Where faith becomes real

Melanie Stetson Freeman/Staff
The Rev. Steve Blackmer calls parishioners back to the barn during a service at Church of the Woods in Canterbury, N.H.

At the end of January, Tom Catena came to the Monitor’s newsroom in Boston. To be honest, I had no idea who Dr. Catena was. Now, I am convinced that every member of the Monitor family worldwide would be grateful for who he is and what he does.

Catena is a surgeon and a Roman Catholic missionary who heads the Mother of Mercy Hospital in the Nuba Mountains of Sudan. He has been there for 11 years now. His hospital has been bombed by government forces. Its annual budget is $750,000. Until last year, it didn’t have an X-ray machine. Yet he has stayed. Yet he has worked. And Sudanese will walk for days for his care.

During his time at the Monitor, he was asked if, in such a place, his faith has evolved. Here is his answer from the Feb. 19 edition of the Monitor Daily. (We’ll publish his story in a future issue of the Weekly.) 

Why We Wrote This

When Tom Catena came to the Monitor’s newsroom in Boston, I had no idea who he was. Now, I am convinced that every member of the Monitor family worldwide would be grateful for who he is and what he does.

“Yes. You know faith always does better in areas of high stress. You don’t even know day to day if you’re going to survive. The faith becomes much more real, where you ­really have to depend on God for everything, for survival. I would say it’s grown tremendously. It’s much more difficult to maintain your faith in this [American] society. I think the stress and anxiety in this society is unbelievable, but it’s not that physical threat you feel all the time [in Sudan].”

This is what you might call the progress paradox. The more prosperous a nation becomes, the more pronounced the struggle to hold onto its faith. As Jesus preached in the parable of the rich man and the beggar Lazarus, material comfort can lull the unwatchful into spiritual dullness.

There is another way of making Catena’s point – one that is applicable to all places, not just those where imminent violence seems to make the need for spiritual comfort more urgent. Faith becomes much more real when it is truly lived.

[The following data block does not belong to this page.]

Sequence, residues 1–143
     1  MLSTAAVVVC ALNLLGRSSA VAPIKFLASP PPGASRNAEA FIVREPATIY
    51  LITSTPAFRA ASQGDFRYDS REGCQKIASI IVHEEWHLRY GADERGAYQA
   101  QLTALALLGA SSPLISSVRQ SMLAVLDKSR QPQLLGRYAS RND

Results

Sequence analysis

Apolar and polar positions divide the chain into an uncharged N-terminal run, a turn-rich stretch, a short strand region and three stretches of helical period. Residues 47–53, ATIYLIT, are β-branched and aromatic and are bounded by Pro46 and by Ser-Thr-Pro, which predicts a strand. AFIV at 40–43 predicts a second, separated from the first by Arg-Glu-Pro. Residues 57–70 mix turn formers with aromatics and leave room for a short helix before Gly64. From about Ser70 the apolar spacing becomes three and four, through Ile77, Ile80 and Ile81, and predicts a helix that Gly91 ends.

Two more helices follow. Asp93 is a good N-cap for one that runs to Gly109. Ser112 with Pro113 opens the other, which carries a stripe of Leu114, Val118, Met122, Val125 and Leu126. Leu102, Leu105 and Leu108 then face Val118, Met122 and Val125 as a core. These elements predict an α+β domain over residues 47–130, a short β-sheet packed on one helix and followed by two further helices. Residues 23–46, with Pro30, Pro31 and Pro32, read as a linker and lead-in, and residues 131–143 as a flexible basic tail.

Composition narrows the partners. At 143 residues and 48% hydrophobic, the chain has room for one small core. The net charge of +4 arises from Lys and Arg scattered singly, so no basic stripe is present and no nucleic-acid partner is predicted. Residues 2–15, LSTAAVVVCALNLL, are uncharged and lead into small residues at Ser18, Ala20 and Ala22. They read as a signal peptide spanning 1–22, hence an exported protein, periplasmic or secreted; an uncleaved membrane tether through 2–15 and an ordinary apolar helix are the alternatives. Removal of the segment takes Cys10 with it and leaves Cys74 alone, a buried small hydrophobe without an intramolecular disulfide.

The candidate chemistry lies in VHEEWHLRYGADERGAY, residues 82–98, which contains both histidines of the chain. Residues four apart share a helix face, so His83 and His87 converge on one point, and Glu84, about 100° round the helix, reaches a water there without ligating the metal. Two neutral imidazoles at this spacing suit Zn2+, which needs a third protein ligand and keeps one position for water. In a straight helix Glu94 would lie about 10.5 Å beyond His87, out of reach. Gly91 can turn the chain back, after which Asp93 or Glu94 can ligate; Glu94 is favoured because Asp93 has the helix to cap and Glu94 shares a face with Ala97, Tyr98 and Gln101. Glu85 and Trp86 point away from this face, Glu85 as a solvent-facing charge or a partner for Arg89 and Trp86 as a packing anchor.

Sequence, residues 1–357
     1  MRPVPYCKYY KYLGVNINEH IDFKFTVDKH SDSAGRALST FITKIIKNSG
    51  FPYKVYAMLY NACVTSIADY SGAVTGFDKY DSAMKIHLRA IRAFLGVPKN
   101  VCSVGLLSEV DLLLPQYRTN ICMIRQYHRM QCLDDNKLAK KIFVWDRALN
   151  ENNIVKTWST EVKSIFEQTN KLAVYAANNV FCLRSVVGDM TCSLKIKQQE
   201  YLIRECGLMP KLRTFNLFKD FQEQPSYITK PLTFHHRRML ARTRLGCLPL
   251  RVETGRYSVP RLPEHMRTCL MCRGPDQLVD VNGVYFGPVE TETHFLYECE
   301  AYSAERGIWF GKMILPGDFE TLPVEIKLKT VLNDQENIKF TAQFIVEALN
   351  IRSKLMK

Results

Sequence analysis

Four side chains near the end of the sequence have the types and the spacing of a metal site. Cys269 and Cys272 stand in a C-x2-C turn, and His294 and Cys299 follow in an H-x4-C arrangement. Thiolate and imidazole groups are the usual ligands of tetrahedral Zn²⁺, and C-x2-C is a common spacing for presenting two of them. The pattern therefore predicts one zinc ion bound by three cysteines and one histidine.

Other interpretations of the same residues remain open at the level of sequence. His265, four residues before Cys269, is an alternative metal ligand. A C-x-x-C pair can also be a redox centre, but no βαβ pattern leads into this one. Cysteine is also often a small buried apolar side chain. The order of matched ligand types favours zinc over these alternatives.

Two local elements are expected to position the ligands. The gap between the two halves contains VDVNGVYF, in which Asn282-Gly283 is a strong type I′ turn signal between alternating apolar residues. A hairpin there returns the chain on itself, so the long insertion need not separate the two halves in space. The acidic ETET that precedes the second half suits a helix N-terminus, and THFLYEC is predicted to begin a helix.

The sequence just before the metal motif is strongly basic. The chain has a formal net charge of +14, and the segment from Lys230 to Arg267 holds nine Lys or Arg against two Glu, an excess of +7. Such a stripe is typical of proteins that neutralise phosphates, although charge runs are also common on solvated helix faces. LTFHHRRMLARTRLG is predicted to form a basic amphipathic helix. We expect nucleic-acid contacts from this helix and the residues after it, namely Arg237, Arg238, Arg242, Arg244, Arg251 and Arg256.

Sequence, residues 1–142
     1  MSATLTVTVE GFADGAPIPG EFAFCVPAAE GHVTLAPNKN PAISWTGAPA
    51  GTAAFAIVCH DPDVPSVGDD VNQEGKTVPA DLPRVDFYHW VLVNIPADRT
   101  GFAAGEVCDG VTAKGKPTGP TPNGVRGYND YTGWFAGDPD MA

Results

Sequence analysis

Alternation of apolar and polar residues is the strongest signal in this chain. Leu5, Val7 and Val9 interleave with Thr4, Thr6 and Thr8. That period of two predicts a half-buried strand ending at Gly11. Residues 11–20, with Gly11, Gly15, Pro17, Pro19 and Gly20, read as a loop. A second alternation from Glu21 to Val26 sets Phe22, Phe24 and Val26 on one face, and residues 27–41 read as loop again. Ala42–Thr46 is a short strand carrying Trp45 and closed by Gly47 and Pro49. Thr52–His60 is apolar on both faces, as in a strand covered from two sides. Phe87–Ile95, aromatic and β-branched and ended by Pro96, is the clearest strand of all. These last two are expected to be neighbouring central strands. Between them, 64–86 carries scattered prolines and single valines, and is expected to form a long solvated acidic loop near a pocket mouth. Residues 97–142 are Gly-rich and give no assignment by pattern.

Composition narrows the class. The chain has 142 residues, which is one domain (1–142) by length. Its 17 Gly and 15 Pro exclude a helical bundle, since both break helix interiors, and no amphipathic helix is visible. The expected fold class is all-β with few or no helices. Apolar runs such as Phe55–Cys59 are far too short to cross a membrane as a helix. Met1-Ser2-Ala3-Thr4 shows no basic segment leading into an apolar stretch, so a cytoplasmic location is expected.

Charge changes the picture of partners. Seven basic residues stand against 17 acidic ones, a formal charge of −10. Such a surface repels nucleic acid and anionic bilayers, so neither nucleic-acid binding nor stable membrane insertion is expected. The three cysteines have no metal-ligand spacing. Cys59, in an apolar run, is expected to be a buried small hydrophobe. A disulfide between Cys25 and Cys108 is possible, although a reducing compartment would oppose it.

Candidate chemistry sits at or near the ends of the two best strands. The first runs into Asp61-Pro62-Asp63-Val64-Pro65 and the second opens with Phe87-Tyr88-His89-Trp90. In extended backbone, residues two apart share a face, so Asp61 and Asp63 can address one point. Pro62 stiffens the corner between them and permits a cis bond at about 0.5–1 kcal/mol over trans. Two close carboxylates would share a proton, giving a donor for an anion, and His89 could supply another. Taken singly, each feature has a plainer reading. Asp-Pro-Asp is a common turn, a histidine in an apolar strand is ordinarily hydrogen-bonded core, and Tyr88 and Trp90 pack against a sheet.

The trajectory of organized religion in the West suggests that mere church attendance or adherence to doctrinal decrees is not sufficient. Faith kindles only with surrender to a good that makes a wreck of personal will or self-
interest. It is sacrifice, grace, and gratitude, lived as a moment-by-moment inner fire, that makes faith real.

That commitment can make a specific worship time in a church, temple, or mosque especially meaningful. In his cover story this week, G. Jeffrey MacDonald also offers a glimpse at how some in the West are seeking that sense of faith outside the walls of traditional churches. As he recounts, that faith can be sought in a chicken coop, on a walk in the woods, or in a laundromat. Or in a hospital in remotest Africa.

In this light, the decline of organized religion takes on different hues. It points to a search for faith everywhere, beyond the narrow bounds that have traditionally defined religion. And according to one Episcopal priest in Jeffrey’s story, that’s not all bad. When people gather anywhere to seek that deeper fire of faith, “church happens,” she says. “God shows up.” 

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About a year ago, I happened upon this statement about the Monitor in the Harvard Business Review – under the charming heading of “do things that don’t interest you”:

“Many things that end up” being meaningful, writes social scientist Joseph Grenny, “have come from conference workshops, articles, or online videos that began as a chore and ended with an insight. My work in Kenya, for example, was heavily influenced by a Christian Science Monitor article I had forced myself to read 10 years earlier. Sometimes, we call things ‘boring’ simply because they lie outside the box we are currently in.”

If you were to come up with a punchline to a joke about the Monitor, that would probably be it. We’re seen as being global, fair, insightful, and perhaps a bit too earnest. We’re the bran muffin of journalism.

But you know what? We change lives. And I’m going to argue that we change lives precisely because we force open that too-small box that most human beings think they live in.

The Monitor is a peculiar little publication that’s hard for the world to figure out. We’re run by a church, but we’re not only for church members and we’re not about converting people. We’re known as being fair even as the world becomes as polarized as at any time since the newspaper’s founding in 1908.

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